Here's an article from Slate about the New York Times's buying the Washington Post's share of the International Herald Tribune. Those of us who have lived in Europe for a long time have a soft spot in our hearts for the old IHT. Until we all got computers between '95 and '97, we depended on the IHT for news from America. We got all the big news filtered through the Spanish perspective from La Vanguardia, El País, and either Spanish or Catalan TV. We didn't get the little news, though; if it wasn't something related to international affaris, a very important political initiative, or something sensational, the Spanish media didn't pick it up. So we depended on the IHT, which cost about four times what a local paper cost (so it was a fairly serious investment; Spanish daily papers have always cost the equivalent of a buck, two bucks if you consider purchasing-power parity. When I got here in '87 the Vanguardia cost 60 pesetas. Now it's a euro, 166 pesetas), for the baseball scores, what was up in Congress, the last thing the president said, the comic strips, the latest fads and trends, the reviews of whatever books were coming out, and what a lot of people bought it every day for, the market quotes.
I remember budgeting myself to buy it twice a week, back when I had a really crappy job. I also remember that, if you had one, you didn't toss it, you gave it to someone else when you were through. I distinctly remember rather pushily asking people if I could have theirs when they were finished--I've always been pretty generous but also pretty demanding, and I'm especially demanding for reading material. If you knew me personally, you'd always be lending me books. You'd always get them back, but sometimes not for like six months.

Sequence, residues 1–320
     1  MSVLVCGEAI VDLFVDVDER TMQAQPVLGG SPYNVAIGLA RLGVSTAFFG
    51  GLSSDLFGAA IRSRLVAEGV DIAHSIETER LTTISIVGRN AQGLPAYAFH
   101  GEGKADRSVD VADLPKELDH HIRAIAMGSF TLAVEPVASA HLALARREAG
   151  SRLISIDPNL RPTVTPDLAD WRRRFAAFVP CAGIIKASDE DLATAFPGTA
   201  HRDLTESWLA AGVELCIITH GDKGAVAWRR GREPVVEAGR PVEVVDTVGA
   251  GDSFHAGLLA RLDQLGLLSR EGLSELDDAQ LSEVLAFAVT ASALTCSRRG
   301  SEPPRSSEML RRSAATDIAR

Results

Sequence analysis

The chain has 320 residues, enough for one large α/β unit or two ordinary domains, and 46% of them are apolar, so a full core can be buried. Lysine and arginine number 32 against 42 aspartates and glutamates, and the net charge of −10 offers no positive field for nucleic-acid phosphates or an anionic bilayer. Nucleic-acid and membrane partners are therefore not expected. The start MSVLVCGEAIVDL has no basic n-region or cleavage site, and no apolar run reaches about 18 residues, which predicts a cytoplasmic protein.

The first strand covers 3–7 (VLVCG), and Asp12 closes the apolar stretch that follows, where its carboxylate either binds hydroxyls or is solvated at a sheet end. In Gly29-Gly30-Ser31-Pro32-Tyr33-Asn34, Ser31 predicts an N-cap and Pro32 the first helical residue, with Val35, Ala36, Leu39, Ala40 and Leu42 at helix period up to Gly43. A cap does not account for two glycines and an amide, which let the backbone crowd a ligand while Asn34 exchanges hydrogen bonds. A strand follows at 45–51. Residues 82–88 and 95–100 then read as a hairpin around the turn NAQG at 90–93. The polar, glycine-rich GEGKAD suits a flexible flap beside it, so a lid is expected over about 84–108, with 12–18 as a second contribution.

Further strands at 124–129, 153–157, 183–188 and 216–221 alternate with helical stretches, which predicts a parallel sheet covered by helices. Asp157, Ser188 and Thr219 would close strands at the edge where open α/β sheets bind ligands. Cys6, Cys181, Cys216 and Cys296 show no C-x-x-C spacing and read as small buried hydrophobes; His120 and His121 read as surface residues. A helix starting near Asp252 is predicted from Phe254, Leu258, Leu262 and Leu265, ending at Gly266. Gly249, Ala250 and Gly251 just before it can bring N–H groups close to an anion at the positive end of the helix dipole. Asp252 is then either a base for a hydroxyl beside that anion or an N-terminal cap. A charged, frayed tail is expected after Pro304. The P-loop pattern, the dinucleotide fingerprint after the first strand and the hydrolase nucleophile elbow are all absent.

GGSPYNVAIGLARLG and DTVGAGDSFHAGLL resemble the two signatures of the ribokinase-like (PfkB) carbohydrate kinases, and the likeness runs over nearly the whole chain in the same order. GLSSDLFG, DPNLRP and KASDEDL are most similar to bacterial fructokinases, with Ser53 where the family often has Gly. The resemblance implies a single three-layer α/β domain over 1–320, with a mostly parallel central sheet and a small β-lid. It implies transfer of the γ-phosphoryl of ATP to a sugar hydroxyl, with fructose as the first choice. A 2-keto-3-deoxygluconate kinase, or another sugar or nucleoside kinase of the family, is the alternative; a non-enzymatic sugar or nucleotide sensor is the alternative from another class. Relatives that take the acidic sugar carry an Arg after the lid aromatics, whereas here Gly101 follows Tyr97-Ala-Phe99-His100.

Anyway, though, when you got a computer you didn't need the IHT anymore. You got all that stuff and more off the Internet. Even when Internet was expensive, which it was over here in 1997, it was a lot cheaper than buying the IHT every day--and if what you were interested in was the stock quotes, the Internet could give them to you minute-by-minute. Suddenly we didn't need the IHT anymore. Now that hotels have Internet connections for their guests, you won't even have to buy it if you travel to another non-American city. I haven't bought the Herald Tribune since the very day I got my Internet connection.
The article from Slate said that the Times paid $70 million for the Post's share, and speculates that Howell Raines is going to put big money into the IHT. I think it's a rotten idea and that the Times is going to lose a ton of money, because the Net is going to knock the IHT out of business sooner or later. Why buy the IHT when you can get the Kansas City Star, Time, Sports Illustrated, USA Today, Fox News, the Telegraph, the Washington Times, the New Republic, and everything else you want for free? And now that there are Internet cafés everywhere in the world, even in the fifth pine tree, even in Assboink, Idaho, where an hour of Internet surfing costs a dollar or two, who needs a thin sixteen-page paper with five or six pages of it taken up by ads and the market quotes? Sad day for the Times...wait, I hate the Times! And Howell Raines! And the whole Times staff except William Safire! Good. I hope they go broke on this big-time loser of an acquisition.